Artist Stories

Joanna Hiffernan: Artist, Model and Whistler’s Muse

Louisa Mahoney 3 October 2022 min Read

Joanna Hiffernan and James Abbott McNeill Whistler met in London in 1861. He instantly fell in love with her striking red hair and outspoken character and the couple soon moved to Paris where Hiffernan became Whistler’s muse, partner, and modèle privilégié. For six years, Whistler couldn’t stop painting his muse. Her image became his obsession. Hiffernan managed Whistler’s accounts, organized their domestic life, and acted as an endless source of inspiration, while also being an artist in her own right.

James McNeill Whistler, Wapping, 1860–1864, National Gallery of Art, Washington, DC, USA.

Joanna Hiffernan was born in Limerick, Ireland in 1843. Her family moved to London in the late 1840s, driven by the Great Famine. She grew up poor and likely did not receive an extensive education. Hiffernan quickly adjusted to her new milieu when she and Whistler began their relationship, although the differences in their backgrounds were not without their difficulties.

Hiffernan was rejected by Whistler’s conservative New England family (when visiting her son, Whistler’s mother allegedly requested that Hiffernan be moved out of the house). Whistler’s friends were also critical, characterizing Hiffernan’s background and family in near Dickensian terms.

James McNeill Whistler, The Artist in His Studio (Whistler in His Studio), 1865-1866, The Art Institute of Chicago, Chicago, IL, USA.

Despite her struggles to be fully accepted, Hiffernan quickly made a name for herself in Parisian artistic society. She was known for her wit and intelligence just as much as her beauty. Whistler raved about her appearance, especially her hair:

The most beautiful hair that you have ever seen! A red not golden but copper–as Venetian as a dream!–skin golden white or yellow if you will–and with the wonderful expression.

James McNeill Whistler, A White Note, 1862, The Lunder Collection, Colby College Museum of Art, Waterville, AL, USA. Detail.

Hiffernan brought new energy to Whistler’s paintings such as in the celebrated Symphony in White, No.1: The White Girl, which caused a sensation at the Salon des Refusées due to the painting’s frank sexuality (Hiffernan’s direct gaze was interpreted essentially as an erotic overture). From then on, Hiffernan became a constant in Whistler’s work. The two were deeply compatible. Whistler, a tireless painter, found his match in Hiffernan and her ability to hold a pose for an entire afternoon.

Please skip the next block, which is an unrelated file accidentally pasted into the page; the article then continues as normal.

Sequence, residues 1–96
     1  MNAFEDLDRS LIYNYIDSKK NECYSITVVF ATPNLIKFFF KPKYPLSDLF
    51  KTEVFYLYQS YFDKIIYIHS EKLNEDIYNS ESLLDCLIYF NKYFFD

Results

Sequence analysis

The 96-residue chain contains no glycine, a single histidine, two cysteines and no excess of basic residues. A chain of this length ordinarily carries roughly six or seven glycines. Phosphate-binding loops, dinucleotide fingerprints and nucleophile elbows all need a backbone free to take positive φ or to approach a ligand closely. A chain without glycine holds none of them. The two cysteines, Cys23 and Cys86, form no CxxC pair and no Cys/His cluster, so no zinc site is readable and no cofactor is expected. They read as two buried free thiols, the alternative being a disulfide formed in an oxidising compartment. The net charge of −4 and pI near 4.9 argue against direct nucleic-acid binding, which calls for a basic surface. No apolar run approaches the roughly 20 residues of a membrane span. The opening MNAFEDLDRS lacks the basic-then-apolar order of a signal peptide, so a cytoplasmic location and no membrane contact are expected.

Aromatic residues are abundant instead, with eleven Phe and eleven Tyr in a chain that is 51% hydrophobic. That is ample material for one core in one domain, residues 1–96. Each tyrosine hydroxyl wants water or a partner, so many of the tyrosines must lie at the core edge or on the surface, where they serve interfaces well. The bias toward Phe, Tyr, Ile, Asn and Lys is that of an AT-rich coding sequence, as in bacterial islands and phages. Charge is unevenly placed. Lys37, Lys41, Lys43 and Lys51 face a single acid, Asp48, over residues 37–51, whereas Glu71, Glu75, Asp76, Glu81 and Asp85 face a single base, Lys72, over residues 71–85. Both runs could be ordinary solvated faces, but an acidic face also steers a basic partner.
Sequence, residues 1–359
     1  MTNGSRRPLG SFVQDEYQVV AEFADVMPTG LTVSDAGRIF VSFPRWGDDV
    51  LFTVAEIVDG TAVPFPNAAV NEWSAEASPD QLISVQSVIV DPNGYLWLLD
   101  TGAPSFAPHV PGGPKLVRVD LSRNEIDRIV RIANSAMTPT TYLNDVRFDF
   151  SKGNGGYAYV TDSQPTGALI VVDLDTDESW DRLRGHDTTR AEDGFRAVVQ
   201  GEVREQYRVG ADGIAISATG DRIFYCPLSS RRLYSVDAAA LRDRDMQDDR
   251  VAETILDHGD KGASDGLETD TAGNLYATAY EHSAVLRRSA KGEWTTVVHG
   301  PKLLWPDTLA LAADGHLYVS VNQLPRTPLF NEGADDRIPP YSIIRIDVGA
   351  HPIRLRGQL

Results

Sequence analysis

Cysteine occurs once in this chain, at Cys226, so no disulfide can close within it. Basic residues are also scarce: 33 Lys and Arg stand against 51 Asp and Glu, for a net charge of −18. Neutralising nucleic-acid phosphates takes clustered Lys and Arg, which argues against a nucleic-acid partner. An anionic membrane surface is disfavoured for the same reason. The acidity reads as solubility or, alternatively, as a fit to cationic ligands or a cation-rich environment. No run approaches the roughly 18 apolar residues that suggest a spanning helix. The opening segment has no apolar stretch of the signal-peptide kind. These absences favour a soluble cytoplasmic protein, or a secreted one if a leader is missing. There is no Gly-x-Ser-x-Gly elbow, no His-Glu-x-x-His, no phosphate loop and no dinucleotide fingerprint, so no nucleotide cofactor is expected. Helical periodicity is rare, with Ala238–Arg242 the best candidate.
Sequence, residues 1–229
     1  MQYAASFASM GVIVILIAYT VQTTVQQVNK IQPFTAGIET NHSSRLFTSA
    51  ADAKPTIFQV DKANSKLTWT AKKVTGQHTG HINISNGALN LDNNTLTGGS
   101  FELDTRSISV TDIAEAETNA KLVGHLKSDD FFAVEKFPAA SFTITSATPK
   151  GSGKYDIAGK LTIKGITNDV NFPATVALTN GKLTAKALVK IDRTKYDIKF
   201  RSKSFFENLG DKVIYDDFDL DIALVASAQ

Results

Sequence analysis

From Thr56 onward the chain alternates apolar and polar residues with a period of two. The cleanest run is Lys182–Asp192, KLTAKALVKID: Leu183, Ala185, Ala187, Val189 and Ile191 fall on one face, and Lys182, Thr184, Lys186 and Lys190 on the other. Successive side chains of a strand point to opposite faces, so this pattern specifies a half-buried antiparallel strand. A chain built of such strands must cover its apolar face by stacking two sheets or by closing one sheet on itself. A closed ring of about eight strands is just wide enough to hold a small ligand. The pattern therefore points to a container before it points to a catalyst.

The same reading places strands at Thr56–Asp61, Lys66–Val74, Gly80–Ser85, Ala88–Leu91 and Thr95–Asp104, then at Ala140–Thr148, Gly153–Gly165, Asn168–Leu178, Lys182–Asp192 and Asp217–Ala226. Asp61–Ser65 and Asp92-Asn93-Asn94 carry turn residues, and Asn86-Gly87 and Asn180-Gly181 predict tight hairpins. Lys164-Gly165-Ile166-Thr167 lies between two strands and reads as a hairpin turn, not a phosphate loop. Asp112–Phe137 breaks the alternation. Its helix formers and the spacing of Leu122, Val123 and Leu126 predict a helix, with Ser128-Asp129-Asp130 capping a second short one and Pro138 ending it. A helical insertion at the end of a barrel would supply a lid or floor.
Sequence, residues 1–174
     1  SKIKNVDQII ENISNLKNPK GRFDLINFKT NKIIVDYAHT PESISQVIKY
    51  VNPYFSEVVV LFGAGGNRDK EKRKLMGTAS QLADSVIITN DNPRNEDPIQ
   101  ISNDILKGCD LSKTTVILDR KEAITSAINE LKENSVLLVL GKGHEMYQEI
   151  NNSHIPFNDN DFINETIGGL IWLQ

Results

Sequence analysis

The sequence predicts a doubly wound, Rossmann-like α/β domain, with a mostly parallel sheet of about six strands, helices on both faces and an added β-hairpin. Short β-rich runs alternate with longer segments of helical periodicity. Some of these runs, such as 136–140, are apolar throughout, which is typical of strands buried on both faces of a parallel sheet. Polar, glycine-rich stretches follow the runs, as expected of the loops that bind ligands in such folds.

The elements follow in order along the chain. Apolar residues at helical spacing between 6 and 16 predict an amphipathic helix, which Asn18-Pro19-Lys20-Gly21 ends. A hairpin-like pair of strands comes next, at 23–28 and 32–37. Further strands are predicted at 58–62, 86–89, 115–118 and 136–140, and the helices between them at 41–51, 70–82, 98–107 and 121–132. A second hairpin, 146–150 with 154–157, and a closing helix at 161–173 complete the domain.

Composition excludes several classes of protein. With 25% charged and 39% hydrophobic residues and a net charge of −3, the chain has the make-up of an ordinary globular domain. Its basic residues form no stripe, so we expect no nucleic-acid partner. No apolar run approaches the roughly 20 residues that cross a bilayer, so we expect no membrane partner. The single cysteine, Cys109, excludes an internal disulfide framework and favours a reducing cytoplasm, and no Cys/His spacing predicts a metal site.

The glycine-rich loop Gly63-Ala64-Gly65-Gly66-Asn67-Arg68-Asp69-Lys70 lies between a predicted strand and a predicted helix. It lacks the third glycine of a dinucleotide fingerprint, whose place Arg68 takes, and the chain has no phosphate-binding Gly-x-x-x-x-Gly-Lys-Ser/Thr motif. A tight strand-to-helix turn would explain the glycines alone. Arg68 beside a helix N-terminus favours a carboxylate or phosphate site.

James McNeill Whistler, Symphony in White, No. 1: The White Girl, 1861–1862, National Gallery of Art, Washington, DC, USA.

In 1865, Hiffernan and Whistler spent the winter in Normandy with the realist painter, Gustave Courbet. Immediately taken by Hiffernan, Courbet painted her portrait. So enraptured by Hiffernan’s beauty and power as a subject, he produced at least four versions of the composition.

Gustave Courbet, Jo, la belle Irlandaise, 1865–1866, The Metropolitan Museum of Art, New York, USA.

The artist remembered Hiffernan and the trip to Normandy fondly in a letter to Whistler written several years later:

Do you remember Trouville and Jo who clowned around to amuse us? In the evenings she used to sing Irish songs so beautifully, she had a feeling and talent for art…I still have the Portrait of Jo, which I will never sell…

A year later, when Whistler was working in Chile, Hiffernan stayed in Paris to oversee his affairs. During this period, she was painted for a second time by Courbet, in the sensual Le Sommeil. It has been widely hypothesized that the two also had a brief romance around this time.

Gustave Courbet, Le Sommeil, 1866, Petit Palais, Paris, France.

Some even believe that Hiffernan is the model for the enigmatic L’Origine du Monde, Courbet’s infamous painting of a woman’s vulva, for which the model has never been identified. Concrete evidence has yet to be found to support this theory.

James McNeill Whistler, Jo, 1861 (state i/i), drypoint on ivory laid paper, National Gallery of Art, Washington, DC, USA.

At the same time that she acted as an inspiration for two of the 19th century’s greatest artists, Hiffernan also drew and painted herself. But unfortunately, little proof of her work remains, as it seems she never publicly exhibited her drawings or paintings.

James McNeill Whistler, Symphony in White, No. 3, 1865–1867, The Barber Institute of Fine Arts, University of Birmingham, UK.

Hiffernan and Whistler’s relationship lasted until the 1870s, after which she reportedly moved to Nice and became an art dealer. The two remained close until the painter’s death in 1903. Hiffernan attended his funeral.

James McNeill Whistler, Weary, 1863 (state iv/vi), drypoint on ivory Japanese paper, National Gallery of Art, Washington, DC, USA.

James McNeill Whistler, Symphony in White, No. 2: The Little White Girl, 1864, Tate, London, UK.

Hiffernan and Whistler were kindred spirits, rigorously committed to art and its creation. Both known for being brash and loud, both immigrants who had chosen to leave their home countries and seek inspiration in France. In each other, they found camaraderie and collaboration. Together, they pushed the boundaries of what a portrait could be.

Joanna Hiffernan was the topic of Whistler’s Woman in White: Joanna Hiffernan exhibition at the Royal Academy of Art in London in 2022.



Gustave Courbet, and Petra Ten-Doesschate Chu. Letters of Gustave Courbet. The University of Chicago Press, Chicago, 1992.


Margaret F. MacDonald. The Woman in White Joanna Hiffernan and James McNeill Whistler. National Gallery of Art, 2020.


Susan Waller. “Realist Quandaries: Posing Professional and Proprietary Models in the 1860s.” The Art Bulletin, vol. 89, no. 2, [Taylor & Francis, Ltd., College Art Association], 2007, pp. 239–65.


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